As much as for Captain James T. Kirk's way with alien women or Bones' quips about being a doctor (not a magician, or miracle worker, or engineer), Star Trek is loved by fans for Leonard Nimoy's portrayal of the Vulcan scientist, Mr. Spock. Researchers today can learn a lot from Spock, says Woods Hole Oceanographic Institution researcher Christopher Reddy at Wired Science. Spock was a "dispassionate" man who presented valuable scientific information in a cool and rational manner, Reddy says, adding, "I’ve come to realize that this attitude is exactly what you want from a scientist during a crisis." While the character is capable of great emotion, and has a passion for science, he put emotion away when it comes to presenting data. "I read quotes from really good scientists who are known to be passionate about what they do, but who became passionate to the point of sounding ridiculous when they presented their views," Reddy says. "Spock would have never acted like that. … Whether observing some strange new world around him or analyzing complicating or conflicting data, he keeps his cool, keeps searching for some grain of objective truth that will (inevitably, because each show was only an hour long) crystallize out of the confusion."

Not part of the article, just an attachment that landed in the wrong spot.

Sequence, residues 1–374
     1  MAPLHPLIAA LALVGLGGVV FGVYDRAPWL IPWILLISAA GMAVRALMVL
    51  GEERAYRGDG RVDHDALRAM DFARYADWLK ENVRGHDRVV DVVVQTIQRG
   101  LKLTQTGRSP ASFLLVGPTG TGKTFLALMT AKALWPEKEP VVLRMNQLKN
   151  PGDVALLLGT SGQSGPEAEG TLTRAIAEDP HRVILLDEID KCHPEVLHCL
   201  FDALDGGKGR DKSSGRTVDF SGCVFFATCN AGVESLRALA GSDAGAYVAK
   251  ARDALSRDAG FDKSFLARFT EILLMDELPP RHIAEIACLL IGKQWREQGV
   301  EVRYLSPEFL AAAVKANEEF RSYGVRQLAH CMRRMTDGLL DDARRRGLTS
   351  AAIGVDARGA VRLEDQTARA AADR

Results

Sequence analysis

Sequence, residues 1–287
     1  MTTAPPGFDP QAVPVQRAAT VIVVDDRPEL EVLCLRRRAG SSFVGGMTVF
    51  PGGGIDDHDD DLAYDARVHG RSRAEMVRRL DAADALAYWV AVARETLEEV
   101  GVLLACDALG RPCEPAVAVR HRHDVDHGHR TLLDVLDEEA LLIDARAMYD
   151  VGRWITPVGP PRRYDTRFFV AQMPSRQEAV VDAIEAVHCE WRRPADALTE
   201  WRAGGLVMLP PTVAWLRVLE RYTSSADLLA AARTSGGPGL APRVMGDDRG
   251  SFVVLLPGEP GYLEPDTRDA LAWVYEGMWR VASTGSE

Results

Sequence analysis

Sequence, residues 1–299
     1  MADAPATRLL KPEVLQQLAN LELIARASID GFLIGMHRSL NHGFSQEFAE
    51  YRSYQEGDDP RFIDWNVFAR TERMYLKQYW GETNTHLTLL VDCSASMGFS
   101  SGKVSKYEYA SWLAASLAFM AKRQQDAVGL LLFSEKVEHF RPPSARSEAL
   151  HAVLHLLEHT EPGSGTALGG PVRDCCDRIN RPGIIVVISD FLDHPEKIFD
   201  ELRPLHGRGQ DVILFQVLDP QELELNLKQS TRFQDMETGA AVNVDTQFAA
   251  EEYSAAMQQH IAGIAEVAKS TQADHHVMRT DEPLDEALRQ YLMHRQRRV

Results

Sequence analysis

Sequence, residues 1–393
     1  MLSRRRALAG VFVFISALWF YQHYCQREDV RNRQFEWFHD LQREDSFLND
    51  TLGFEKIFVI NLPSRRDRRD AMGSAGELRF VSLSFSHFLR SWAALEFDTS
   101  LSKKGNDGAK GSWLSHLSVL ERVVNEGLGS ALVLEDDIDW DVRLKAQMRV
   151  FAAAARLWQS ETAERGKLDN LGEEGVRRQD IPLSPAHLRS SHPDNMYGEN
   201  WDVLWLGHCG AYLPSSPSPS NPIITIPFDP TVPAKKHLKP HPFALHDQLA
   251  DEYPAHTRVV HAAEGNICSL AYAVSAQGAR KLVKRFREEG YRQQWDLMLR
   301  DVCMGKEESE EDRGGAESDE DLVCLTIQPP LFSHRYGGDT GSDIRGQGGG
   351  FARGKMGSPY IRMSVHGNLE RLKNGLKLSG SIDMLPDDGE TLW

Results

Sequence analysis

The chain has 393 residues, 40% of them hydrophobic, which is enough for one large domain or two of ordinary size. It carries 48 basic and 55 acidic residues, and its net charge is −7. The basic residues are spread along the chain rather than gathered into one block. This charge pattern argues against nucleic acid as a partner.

'Live Long and Prosper'
Jan 21, 2012